Early warning systems related to mountain hazards

Hans Kienholz
International Association of Geomorphology, Mountain Hazards Project, Geographical Institute, University of Bern, Hallerstraße 12, 3012 Bern, Switzerland.
Tel. : +41-31-6 31 88 84 or 6 31 88 59, Fax: +41-31-6 31 85 11

Mountain hazards, such as snow avalanches, rockfall, landslides, debris flows, and torrential processes are responsible for disasters and catastrophes in mountainous areas every year. In many of these densely populated areas governmental agencies or the inhabitants themselves try to protect settlements and traffic routes by active measures (for example checkdams, etc.) and/or passive measures (for example hazard zoning, planning of evacuation, closing of railways and roads in case of acute danger, etc.). All these measures, especially the passive ones require early warning. Early warning can concern either (1) the basic disposition of an area for dangerous processes (e.g. long-term preconditions, such as the general instability of a slope), or (2) the variable disposition (e.g. short-term state of the snow cover on an avalanche slope), or (3) the immediate effect of triggering events (e.g. thunderstorms triggering flash floods). There is a wide span of technical realisations of early warning systems for these three phases. In many cases traditional warning by attentive observers is the most adequate solution; in other cases sophisticated electronic devices provide better safety.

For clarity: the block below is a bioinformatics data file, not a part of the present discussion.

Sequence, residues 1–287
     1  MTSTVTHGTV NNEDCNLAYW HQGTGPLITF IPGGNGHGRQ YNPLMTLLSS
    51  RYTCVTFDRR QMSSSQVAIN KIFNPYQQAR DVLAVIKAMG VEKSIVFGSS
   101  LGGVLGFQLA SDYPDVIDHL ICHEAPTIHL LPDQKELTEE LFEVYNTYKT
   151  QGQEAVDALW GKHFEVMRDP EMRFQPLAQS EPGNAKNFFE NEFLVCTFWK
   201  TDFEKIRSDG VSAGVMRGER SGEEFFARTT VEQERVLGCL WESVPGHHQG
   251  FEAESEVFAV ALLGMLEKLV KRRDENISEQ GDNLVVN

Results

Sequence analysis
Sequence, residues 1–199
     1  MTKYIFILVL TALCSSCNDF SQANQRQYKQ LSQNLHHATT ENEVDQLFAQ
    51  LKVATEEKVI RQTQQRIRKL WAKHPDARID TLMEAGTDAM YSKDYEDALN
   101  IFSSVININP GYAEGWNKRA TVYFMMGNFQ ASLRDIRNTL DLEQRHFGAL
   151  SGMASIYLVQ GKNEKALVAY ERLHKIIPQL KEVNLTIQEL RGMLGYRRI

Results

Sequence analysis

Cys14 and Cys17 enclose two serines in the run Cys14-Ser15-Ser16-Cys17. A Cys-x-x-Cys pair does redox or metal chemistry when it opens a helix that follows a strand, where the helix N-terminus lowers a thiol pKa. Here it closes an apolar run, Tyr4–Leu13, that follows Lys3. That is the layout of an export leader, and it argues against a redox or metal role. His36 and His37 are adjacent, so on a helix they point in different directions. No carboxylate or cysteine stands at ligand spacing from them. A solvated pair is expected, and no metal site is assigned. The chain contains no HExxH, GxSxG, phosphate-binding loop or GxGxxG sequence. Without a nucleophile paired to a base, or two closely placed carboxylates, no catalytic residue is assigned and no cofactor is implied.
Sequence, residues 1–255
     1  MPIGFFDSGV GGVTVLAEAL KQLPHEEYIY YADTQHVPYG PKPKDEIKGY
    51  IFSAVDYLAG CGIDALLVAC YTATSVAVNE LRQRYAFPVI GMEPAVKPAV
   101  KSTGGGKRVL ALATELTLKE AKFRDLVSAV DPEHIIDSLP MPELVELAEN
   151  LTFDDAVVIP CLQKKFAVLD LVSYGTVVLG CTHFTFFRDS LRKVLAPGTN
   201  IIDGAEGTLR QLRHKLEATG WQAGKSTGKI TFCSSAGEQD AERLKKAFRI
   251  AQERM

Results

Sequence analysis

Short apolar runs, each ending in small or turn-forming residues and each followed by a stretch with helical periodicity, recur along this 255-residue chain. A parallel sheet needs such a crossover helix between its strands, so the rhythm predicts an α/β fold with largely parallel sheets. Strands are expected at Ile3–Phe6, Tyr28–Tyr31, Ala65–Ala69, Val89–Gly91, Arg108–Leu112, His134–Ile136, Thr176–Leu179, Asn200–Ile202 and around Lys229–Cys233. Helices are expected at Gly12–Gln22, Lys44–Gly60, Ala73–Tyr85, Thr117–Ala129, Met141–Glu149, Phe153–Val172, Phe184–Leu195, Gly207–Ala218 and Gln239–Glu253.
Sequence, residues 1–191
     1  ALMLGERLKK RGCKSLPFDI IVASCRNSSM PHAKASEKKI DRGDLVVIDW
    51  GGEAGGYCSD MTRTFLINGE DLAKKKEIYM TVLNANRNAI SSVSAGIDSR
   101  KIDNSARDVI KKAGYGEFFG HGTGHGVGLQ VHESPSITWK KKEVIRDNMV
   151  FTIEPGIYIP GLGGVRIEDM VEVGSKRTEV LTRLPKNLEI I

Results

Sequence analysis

In all cases however, it is essential that early warning systems are very well applied by the involved experts, by the regional and local authorities, and by the population. The best concepts and the most sophisticated instrumentation are useless if the alert is not transmitted to the menaced people at the right time and if no accurate planning of emergency measures is provided.